After graduating from Pampa High School in 1999, Norris attended Oklahoma State University and graduated with a business degree and double major in marketing and management in August, 2003.

Before graduating, she interviewed with 15 to 20 companies, such as Sears, Roebuck and Co. in Chicago.

But with larger companies, the pace can be exhausting, the big cities overwhelming and the stores as vast and impersonal as massive warehouses.

“I could take it on,” Norris said. “But I felt a smaller store would probably be a lot easier to get along in-in a smaller town.”

After graduation, she submitted her resume to Duckwall-ALCO and was interviewed for an assistant-buyer position.

“I did research on it, and I thought it would be interesting because I love shopping anyway,” Norris said with a quick smile.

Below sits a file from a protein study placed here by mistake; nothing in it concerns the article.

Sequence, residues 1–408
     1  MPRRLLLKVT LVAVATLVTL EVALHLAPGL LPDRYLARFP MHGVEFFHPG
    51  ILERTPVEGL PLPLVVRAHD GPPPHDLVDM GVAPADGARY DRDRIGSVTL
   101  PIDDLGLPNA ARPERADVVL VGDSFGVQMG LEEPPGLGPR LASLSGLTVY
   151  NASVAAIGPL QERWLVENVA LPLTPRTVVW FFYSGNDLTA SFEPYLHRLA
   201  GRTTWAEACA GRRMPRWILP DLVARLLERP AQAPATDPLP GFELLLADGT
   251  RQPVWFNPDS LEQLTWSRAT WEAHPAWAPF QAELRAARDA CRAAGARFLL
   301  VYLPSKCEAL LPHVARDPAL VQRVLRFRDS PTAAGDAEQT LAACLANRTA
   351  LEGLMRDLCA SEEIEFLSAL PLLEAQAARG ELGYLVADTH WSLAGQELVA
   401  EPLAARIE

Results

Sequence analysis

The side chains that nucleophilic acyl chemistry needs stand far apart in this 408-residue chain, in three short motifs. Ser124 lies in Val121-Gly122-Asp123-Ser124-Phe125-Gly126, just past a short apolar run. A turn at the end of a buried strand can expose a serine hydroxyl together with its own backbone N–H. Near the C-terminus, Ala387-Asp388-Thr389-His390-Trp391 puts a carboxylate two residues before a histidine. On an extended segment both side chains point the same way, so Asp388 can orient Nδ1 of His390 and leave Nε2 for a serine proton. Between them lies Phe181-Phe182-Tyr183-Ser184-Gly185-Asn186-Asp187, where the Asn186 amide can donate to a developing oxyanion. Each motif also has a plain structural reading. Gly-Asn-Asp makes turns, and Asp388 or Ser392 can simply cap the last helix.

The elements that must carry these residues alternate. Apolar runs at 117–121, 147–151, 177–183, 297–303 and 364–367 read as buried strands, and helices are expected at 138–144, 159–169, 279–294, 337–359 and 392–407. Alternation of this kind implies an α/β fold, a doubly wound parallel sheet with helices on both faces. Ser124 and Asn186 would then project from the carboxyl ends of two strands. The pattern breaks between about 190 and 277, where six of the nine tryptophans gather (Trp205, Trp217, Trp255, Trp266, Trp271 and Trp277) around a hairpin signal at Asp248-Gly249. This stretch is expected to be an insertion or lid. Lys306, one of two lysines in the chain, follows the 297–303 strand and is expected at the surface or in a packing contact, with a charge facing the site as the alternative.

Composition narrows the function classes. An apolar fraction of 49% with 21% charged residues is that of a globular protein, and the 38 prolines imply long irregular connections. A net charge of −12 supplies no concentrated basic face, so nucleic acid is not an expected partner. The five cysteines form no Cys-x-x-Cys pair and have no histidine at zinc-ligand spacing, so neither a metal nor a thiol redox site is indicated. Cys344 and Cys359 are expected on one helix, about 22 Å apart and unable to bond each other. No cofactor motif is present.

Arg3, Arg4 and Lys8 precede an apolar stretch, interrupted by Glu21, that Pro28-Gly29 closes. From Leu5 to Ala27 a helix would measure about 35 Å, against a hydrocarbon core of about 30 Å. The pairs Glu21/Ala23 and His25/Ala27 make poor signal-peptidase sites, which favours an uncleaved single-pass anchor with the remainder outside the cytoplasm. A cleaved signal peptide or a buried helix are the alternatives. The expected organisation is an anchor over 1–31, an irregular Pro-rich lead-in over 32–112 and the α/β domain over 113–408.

During three hour-long interviews in Abilene, she visited with the vice-president of recruiting, the vice-president of merchandising and the president of the company.

She learned that the assistant-buyer training program is new. It was recently developed because a large faction of the current store buyers are now in their 40s and 50s, and the company needs to train new recruits .

“They’re close to retiring, so they’re starting to look for a new work force,” Norris said. “They’re looking for college graduates.”

Because she lacked retail experience, Norris was asked to train as an assistant manager before she entered the assistant-buyer program.